One of the pleasantest thoughts that arises in reviewing the poetry of Alfred Tennyson is, that he is not one of the illustrious departed, but still among us, and still a comparatively young man not much above forty years of age.  We may hope for yet greater things from him.  The interesting event of marriage has taken place since he gave us 'In Memoriam,' consequently we may look for a growth of poetry gathered from a novel world opened up in his nature.  There is nothing like the sweet influence of a noble woman for quickening and enriching a poet's genius.  He has also a young family springing up around him, and putting forth their green leaves and tender blossoms about the parental stem—another fine source of inspiration: we never live truly, until we live our lives over again in those of our children.  But, with a prayer that blessings be showered upon him, as he tends his garden of beauty, and rears fresh crops of poetry, we must turn to that which he has already written.

    We have heard Tennyson called a dainty poet of the drawing-room; and some have the idea that he is a 'beautiful' poet, in the boarding-school-miss sense of the word.  All such know him not.  The grasp of his intellect is strong as its apprehension is fine.  For a specimen of magnificent power—of 'strength reposing on its own right arm'—take his 'Ulysses.'  No piece of sculpture was ever dug out of Greece more perfect, no picture was ever more truly informed with the spirit of antiquity.   There is a majesty about it as of the early gods, that loom upon us so large and lovely through the dawn-light of time.  It has a colossal calm as of 'magnificence dreaming.'  What sweet serenity! what pearl-like purity! what solemn grandeur! what sustained music! attend it, and convey it, like some newly-discovered god of wisdom, from Greece right home to its in England.

    It is a great mistake to think that anything Tennyson gives us is meaningless.  His verse never moves with 'aimless feet.'  Everything is crammed with meaning, often meaning within meaning.  Sometimes it may be so subtle, and evolved with such consummate art, that the very perfection is a concealment to the careless looker-on, just as the spinning-top appears to be standing still from the swiftness of its motion.  Take, for example, that lovely allegory of the 'Lady of Shalott,' which I have heard called a soulless thing.  It appears to me to image the fall of genius, which we have so often seen painfully realised in our own times, in poetry the most ethereally beautiful.  The Lady of Shalott is the Psyche or soul, the Island of Shalott, where she lives, is the body.  Here the world surrounds her, and the stream of human life flows by:—

'But who hath seen her wave her hand?
 Or at the casement seen her stand?
 Or is she known in all the land?'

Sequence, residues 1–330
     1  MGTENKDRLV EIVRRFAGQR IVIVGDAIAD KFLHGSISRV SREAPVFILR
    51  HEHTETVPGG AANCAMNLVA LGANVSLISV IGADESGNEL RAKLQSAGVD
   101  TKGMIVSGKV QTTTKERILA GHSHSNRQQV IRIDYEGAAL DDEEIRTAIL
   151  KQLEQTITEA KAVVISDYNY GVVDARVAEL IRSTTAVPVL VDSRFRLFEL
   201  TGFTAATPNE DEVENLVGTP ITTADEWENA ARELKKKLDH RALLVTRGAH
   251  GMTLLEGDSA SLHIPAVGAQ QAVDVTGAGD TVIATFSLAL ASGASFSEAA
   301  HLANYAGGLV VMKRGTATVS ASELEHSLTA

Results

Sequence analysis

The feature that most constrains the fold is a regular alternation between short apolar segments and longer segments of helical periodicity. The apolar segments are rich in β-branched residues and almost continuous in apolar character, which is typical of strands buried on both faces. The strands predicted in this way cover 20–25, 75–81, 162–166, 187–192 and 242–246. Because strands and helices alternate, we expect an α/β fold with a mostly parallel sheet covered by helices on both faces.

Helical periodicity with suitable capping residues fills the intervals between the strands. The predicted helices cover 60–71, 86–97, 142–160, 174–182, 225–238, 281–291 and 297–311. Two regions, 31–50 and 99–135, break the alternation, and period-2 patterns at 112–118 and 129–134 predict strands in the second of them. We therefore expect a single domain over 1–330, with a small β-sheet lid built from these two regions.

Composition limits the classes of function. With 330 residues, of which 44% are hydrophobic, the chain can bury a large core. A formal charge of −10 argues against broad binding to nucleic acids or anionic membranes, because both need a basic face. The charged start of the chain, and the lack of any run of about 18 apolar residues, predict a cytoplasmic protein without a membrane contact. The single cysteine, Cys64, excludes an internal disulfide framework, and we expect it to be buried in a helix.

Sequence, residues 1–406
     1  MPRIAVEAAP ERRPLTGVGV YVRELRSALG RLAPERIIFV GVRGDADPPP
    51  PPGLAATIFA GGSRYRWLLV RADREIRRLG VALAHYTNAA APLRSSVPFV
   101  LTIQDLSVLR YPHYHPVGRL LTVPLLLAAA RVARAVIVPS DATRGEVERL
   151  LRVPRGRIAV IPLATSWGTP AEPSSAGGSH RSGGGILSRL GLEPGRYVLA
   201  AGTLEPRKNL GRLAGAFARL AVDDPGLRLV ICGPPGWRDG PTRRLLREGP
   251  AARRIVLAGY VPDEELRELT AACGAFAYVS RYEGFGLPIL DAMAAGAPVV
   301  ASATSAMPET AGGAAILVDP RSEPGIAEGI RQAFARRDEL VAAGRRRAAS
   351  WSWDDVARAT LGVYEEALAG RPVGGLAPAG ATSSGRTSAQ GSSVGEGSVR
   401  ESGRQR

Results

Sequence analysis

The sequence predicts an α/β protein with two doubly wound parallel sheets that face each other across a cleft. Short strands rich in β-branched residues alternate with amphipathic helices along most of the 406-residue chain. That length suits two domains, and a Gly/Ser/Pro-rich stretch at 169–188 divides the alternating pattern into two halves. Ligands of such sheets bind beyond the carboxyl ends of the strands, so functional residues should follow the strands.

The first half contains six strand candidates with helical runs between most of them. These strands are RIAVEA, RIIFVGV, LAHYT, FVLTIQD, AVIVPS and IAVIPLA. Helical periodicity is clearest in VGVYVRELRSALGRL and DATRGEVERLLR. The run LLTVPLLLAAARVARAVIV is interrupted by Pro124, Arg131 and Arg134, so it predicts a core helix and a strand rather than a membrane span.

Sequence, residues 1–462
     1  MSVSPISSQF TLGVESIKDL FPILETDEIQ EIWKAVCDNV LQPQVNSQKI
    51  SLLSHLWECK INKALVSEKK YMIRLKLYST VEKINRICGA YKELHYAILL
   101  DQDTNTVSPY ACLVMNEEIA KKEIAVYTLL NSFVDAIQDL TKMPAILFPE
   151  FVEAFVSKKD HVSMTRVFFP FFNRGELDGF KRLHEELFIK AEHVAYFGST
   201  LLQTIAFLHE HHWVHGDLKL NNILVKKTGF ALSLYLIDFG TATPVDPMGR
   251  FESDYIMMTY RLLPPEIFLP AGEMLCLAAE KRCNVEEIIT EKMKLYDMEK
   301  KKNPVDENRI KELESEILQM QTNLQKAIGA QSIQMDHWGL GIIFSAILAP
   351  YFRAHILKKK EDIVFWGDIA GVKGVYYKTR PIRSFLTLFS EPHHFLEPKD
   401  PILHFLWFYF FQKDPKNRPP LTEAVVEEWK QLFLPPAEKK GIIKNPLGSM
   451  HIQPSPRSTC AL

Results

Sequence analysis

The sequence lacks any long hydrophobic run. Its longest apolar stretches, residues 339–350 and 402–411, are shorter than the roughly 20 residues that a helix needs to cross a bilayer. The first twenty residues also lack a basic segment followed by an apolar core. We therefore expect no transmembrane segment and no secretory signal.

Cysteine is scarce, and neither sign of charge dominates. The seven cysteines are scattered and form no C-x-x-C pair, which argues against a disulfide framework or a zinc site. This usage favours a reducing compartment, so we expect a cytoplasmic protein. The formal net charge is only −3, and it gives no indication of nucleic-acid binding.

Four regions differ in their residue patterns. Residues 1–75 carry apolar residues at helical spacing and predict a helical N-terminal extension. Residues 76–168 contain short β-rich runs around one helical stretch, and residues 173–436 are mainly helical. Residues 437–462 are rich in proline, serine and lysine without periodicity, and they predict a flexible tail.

No, she has wedded Solitude; she works in silent secrecy.  She does not beckon to the pleasures that pass. She does not join the gay troops that go laughing on their way down to the Vanity Fair of Camelot.  No one hath seen her standing idle at the window. That is, the poet must not hunger and thirst after fame, and he must preserve sacred his own individuality; say to the lusts of the flesh, Stand off, for this is holy ground; and let the money-grubbing world go by, unhailed, unheeded. Thus the Lady of Shalott sings her song in her island lonelihood, as the nightingale sings in her darkling privacy:—

'Only reapers, reaping early
 In among the bearded barley,
 Hear a song that echoes cheerly,
 From the river winding clearly,
     Down to tower'd Camelot:
 And by the moon the reaper weary,
 Piling sheaves in uplands airy,
 Listening, whispers, "'Tis the fairy
     Lady of Shalott."'

There will always be a few minds up and awake in the morning of the times who will hear the song of genius, and it will fall like dew from heaven on those who have borne the burden of life in the heat of the day:—

'There she weaves, by night and day,
 A magic web with colours gay:
 She has heard a whisper say,
 A curse is an her if she stay
     To look down to Camelot.'

She works her work; 'and little other care hath she.'  She has a mirror in which she sees the 'shadows of the world appear.'  That is the poet's nature, which reflects all that it is necessary for him to see, so long as he preserves it clean and pure:—

'And in her web she still delights
 To weave the mirror's magic sights.'

 For, mark the solemn warning:—

 'Often through the silent nights
  A funeral, with plumes, and lights,
  And music, went to Camelot.'

Wrecks of the world's great might-have-beens were these, who rose proudly, like stars of the first magnitude, but soon shot again into the darkness; souls that fell from their high thrones and lofty seats, in stooping to that which was beneath them.  They looked down to Camelot.  So the Lady of Shalott is at length seduced to look down to Camelot by Sir Launcelot, who comes singing and glittering in radiant vesture and grand adornments.  This is popularity, dangerous popularity, unworthy fame, which the poet must not seek, must not follow, must not think of:—

'She left the web, she left the loom,
 She made three paces through the
        room,
 She saw the water-lily bloom,
 She saw the helmet and the plume,